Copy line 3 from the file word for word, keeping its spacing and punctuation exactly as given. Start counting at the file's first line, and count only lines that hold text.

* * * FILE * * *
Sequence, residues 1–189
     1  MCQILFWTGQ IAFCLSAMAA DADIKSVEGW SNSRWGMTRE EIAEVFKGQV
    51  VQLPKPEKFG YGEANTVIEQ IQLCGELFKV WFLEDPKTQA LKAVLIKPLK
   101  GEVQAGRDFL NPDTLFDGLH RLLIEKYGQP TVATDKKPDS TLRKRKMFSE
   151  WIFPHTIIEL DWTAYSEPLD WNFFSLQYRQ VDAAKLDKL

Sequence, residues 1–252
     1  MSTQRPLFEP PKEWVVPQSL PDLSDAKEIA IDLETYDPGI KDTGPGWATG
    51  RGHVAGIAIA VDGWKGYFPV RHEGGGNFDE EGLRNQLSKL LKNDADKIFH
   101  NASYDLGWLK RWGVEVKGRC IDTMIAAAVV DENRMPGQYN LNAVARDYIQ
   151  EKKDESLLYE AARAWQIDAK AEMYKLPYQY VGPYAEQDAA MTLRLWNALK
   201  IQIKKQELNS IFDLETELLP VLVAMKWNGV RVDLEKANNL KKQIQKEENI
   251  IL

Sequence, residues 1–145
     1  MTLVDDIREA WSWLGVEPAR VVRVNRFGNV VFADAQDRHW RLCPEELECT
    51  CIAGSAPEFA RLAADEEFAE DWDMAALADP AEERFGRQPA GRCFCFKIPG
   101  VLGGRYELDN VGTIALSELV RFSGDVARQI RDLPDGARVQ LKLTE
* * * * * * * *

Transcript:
    51  VQLPKPEKFG YGEANTVIEQ IQLCGELFKV WFLEDPKTQA LKAVLIKPLK